Christian Devotedness Anthony Norris Groves Paperback, 54pp.Published by Gospel Folio Press, 304 Killaly St. West, Port Colborne, ON, Canada L3K 6A6. Available in UK from John Ritchie Ltd. Price £2.99. ISBN 978 1 89711 797 2.
Most readers of Precious Seed International will be familiar with the name of Anthony Norris Groves, missionary to Baghdad and India. This is a revised and updated edition of the second version of a book originally published in London in 1829 and included in a biography entitled Anthony Norris Groves, by G. H. Lang.
Believing the words of the Lord in Matthew chapter 6 verse 19, ‘Lay not up for yourselves treasures upon earth’, are to be taken literally, Mr Groves expounds the practical implications of this, especially in connection with a believer’s possessions, salary and wealth. He expresses a conviction that ‘early Christianity owed much of its power to the … disciple’s open public display of their love’. Something he saw as being the product of the ‘surrender of themselves, their property, time and talents to Christ’. He develops his theme around two basic principles, the first, ‘The only acceptable way to live the Christian life is by deliberate and continual self-denial’, the second, ‘Because God is our Heavenly Father, we ought to ask Him only for our every need, and rely on Him alone for every provision’, principles that the author himself had sought to live by. Mr Groves considers the meaning of the Lord’s exhortation not to lay up treasure on earth the way it was understood and implemented by the apostles, and how the truth of it is emphasized in the New Testament. He strongly asserts that a Christian should not save his money but rather use it in the cause of Christ and that it is a grave mistake, with potentially serious spiritual consequences, for believers to store up wealth with the sole object of leaving an inheritance for their children. Biblical passages are frequently quoted, the majority of which are from the New King James Version. There are a few printing errors, some of which require the reader to work out for himself exactly what the writer means!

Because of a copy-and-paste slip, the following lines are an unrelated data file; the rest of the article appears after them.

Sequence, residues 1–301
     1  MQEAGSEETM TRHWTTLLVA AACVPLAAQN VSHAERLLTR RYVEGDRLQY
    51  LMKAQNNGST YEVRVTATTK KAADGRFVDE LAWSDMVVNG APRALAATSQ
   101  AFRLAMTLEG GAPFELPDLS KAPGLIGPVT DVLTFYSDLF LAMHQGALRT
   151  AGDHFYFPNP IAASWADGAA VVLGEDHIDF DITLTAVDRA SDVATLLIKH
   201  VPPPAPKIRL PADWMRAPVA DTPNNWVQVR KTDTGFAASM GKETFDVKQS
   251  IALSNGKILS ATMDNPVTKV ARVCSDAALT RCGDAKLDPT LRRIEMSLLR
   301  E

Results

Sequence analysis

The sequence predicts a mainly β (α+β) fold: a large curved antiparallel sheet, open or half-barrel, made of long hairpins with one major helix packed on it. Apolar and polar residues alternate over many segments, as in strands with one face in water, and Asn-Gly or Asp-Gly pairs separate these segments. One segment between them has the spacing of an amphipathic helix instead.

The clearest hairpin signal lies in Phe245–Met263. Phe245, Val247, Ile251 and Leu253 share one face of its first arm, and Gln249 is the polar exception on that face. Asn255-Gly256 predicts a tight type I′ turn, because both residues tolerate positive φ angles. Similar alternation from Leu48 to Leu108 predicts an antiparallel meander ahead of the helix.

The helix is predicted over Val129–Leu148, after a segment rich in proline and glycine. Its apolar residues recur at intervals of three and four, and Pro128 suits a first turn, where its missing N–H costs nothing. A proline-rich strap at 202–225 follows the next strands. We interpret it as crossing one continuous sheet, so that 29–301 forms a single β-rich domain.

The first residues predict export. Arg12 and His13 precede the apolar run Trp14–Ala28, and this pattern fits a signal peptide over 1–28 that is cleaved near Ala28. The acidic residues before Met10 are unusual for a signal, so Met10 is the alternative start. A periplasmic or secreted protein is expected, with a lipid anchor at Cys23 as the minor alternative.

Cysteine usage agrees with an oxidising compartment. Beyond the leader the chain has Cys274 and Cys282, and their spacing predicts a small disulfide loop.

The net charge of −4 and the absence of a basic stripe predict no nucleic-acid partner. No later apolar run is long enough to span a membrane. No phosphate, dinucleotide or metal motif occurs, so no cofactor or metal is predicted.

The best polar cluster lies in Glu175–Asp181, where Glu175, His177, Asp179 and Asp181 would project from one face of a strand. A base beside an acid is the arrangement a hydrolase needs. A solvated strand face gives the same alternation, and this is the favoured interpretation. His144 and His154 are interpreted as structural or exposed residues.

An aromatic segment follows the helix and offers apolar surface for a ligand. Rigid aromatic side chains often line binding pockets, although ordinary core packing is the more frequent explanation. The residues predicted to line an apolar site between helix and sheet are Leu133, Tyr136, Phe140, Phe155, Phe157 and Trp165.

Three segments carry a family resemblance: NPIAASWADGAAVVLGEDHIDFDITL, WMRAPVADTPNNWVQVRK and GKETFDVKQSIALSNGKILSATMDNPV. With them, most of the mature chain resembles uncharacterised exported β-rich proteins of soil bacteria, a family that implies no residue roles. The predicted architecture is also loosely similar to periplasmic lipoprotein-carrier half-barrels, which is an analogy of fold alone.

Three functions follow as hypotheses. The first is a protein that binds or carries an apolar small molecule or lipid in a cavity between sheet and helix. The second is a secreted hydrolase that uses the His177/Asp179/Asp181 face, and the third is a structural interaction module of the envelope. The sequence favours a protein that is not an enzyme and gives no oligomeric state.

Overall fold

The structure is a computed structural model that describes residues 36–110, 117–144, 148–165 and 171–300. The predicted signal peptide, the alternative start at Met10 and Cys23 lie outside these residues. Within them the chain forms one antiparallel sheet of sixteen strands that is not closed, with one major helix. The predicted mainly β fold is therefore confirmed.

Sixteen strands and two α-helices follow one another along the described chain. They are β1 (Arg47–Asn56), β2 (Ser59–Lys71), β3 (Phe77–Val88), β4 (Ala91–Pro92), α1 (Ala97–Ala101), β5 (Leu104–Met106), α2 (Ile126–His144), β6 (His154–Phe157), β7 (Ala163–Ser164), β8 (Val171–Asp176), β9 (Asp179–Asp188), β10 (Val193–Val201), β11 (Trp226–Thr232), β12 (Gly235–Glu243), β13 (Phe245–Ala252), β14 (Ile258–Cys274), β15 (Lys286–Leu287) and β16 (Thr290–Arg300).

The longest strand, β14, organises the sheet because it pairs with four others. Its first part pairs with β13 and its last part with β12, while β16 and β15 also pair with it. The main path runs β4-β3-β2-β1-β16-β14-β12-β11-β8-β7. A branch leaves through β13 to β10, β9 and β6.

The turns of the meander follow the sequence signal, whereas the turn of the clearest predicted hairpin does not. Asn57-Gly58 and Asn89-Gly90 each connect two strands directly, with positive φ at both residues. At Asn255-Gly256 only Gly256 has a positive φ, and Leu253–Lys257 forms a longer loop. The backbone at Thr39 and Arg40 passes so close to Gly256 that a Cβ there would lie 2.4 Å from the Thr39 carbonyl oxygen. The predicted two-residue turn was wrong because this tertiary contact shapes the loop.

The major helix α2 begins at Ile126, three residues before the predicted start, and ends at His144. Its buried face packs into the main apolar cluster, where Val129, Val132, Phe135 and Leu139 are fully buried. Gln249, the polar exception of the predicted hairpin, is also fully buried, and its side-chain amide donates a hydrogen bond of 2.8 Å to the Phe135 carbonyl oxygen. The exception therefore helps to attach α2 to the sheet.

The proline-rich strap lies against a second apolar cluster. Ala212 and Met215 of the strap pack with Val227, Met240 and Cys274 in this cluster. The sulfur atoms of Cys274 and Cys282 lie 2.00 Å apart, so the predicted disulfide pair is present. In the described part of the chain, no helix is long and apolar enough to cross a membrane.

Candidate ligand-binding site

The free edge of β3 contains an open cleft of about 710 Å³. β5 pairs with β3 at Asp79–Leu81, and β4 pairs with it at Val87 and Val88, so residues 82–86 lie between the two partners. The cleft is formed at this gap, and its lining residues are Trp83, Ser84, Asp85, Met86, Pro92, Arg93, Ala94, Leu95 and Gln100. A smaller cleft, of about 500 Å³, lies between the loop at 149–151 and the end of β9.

It is stated in the preface that George Muller likened the reading of this book to a ‘second conversion’ and that Hudson Taylor and Amy Carmichael were greatly influenced through reading it. In the overtly material age in which we live, the message of this book is timely and very challenging.
[Our thanks to Richard Catchpole, South Norwood, England for this review]
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